button "1"
        button "2"
        pad
        button "3"
    ]
]

Panel Sizing

The size of a panel is determined by its elements and by the size available for it (for example, by the size of the screen or window). And, within a panel, the rows and columns that make up its layout may be of different widths and heights.

In general the rules are:

Size, Min-size, Max-size

More specifically, the sizes of elements are determined by their sizes, as set by their styles or by their face instance. Each style, hence each face, can specify three sizes:

Facet Description
size called the natural size of the face, this is the size it "wants to be"
min-size the smallest size allowed
max-size the largest size allowed

These sizes are all pair! values, so the include both the x (width) and y (height) values.

For example, a text field can normally be 300x24, but be allowed to shrink to 100x24 or expand to 500x24. Such a style definition would look like this:

my-field: field [
    facets [
        size: 300x24
        min-size: 100x24
        max-size: 500x24
    ]
]

Size Computation

The size of a panel is determined by the combined sizes of its elements (faces within it) or by a size specified for it (from its options).

Before any panel sizing can be done, the system must determine for each column and each row:

  1. the largest size
  2. the largest min-size (e.g. smallest width allowed)
  3. the largest max-size (e.g. limit of column growth)

Now the system can compute, as sums of the above:

  1. the panel's natural size
  2. the panel's min-size
  3. the panel's max-size

The resizing algorithm then works like this:

When a face is expanded, the rate of its expansion is determined by its max-size. A larger max-size will expand the face at a greater rate within the same row or column, as compared to faces of smaller max-sizes.

Panels can be resized by the user, such as when a window size is changed, or by the program itself.

When a panel is resized, the layout is recomputed according to the same rules as above. All of the faces within it will be resized as necessary, including all sub-panels and groups.

Examples

This code provides a good comparison for how GUI faces are resized according to their max-size option. The window shows five groups, each that contains three colored boxes. Each box is the same style, but changes its max-size option to a different value.

Resize the window to see the resizing of each box:

stylize [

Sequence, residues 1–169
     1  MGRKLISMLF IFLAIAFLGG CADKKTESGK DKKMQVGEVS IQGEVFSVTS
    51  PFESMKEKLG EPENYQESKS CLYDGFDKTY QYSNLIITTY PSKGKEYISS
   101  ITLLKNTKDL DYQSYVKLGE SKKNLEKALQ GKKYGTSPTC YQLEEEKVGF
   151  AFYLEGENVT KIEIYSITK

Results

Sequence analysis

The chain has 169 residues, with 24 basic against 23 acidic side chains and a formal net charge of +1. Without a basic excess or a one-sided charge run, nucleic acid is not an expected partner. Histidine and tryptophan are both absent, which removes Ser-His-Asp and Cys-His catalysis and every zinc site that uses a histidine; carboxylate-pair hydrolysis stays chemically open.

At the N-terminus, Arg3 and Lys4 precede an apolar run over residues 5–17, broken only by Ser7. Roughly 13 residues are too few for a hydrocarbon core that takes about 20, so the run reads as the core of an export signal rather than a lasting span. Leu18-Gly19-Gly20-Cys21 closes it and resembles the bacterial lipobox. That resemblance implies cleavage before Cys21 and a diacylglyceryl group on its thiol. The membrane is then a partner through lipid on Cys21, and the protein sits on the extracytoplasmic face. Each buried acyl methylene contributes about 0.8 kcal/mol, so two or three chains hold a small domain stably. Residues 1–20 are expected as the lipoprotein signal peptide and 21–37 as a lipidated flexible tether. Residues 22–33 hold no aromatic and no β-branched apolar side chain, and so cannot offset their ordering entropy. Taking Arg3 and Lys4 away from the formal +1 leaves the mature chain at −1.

boxa: box [
        facets: [size: 32x32]
        draw: [
            pen 0.0.0
            line-width 1.2
            fill-pen area-color
            box 1x1 area-size 3
        ]
    ]
    pada: pad [
        facets: [max-size: 10x10]
    ]
]

view [
    group [
        boxa red
        boxa green
        boxa blue
    ]
    group [
        boxa red   options [max-size: 100x32]
        boxa green options [max-size: 200x32]
        boxa blue  options [max-size: 400x32]
    ]
    group [
        boxa red   options [max-size: 100x32]
        boxa green options [max-size: 2000x32]
        boxa blue  options [max-size: 4000x32]
    ]
    group [
        boxa red   options [max-size: 100x32]
        pad
        boxa green options [max-size: 2000x32]
        pad
        boxa blue  options [max-size: 4000x32]
    ]
    group [
        boxa red   options [max-size: 100x32]
        pada
        boxa green options [max-size: 2000x32]
        pada
        boxa blue  options [max-size: 4000x32]
    ]
]

Here's how the window is first opened:


And if it's resized to 600 pixels wide, it will look like:


Here are some features to observe:

Linking Related Faces

Within a GUI there are times when you need to link or attach one face to another. Change to one of the faces affects the other. For example, a scroll bar may cause a text panel to scroll its contents.

There are two methods of relating faces: named relations and proximity relations. They are explained below.

Named Relations

You can give a name to a face and that name can be used from other faces to perform specific actions.

For example:

prog: progress
slider attach 'prog

Here attach is a reactor that "connects" the slider value to the progress bar. The prog face name is used to do that, and be sure to note that the name must be a literal word where it is referenced.

It should be noted that all names are scoped to their primary panel, so you can refer to a name from other panels within the primary panel.

For example, this still works, even though the prog name is used from a different panel:

prog: progress
panel [
    text "Move this slider:"
    slider attach 'prog
]

Note: the names facet of a parent controls the scope of names.

Proximity Relations

Some faces can automatically attach themselves to other faces that are nearby.

For example, a scroller will attach itself automatically to any prior face that includes an on-scroll actor. This feature makes it easy to attach scroll bars to text areas and panels without requiring names.

Here is an example:

group [
    text-area (read-string %file.txt)
    scroller
]

This works the same way as if you wrote:

group [
    ta: text-area (read-string %file.txt)
    scroller attach 'ta
]

Transition Effects

Animated transition effects can be used to switch from one panel to another. The effects are specified as an argument to the switch-panel function.

Currently, these effects are defined:

Effect Description
fly-right fly on from left to right
fly-left fly on from right to left
fly-up fly on from bottom to top
fly-down fly on from top to bottom

Other Predefined Panels

add table

Defining Panel Styles

docs needed